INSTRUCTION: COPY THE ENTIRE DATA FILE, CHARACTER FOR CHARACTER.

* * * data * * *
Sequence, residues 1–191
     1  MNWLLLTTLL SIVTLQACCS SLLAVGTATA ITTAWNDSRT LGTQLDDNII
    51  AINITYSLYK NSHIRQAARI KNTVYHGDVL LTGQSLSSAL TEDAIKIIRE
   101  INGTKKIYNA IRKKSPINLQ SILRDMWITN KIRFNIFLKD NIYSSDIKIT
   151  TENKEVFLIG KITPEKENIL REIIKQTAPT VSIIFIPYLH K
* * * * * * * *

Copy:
Sequence, residues 1–191
     1  MNWLLLTTLL SIVTLQACCS SLLAVGTATA ITTAWNDSRT LGTQLDDNII
    51  AINITYSLYK NSHIRQAARI KNTVYHGDVL LTGQSLSSAL TEDAIKIIRE
   101  INGTKKIYNA IRKKSPINLQ SILRDMWITN KIRFNIFLKD NIYSSDIKIT
   151  TENKEVFLIG KITPEKENIL REIIKQTAPT VSIIFIPYLH K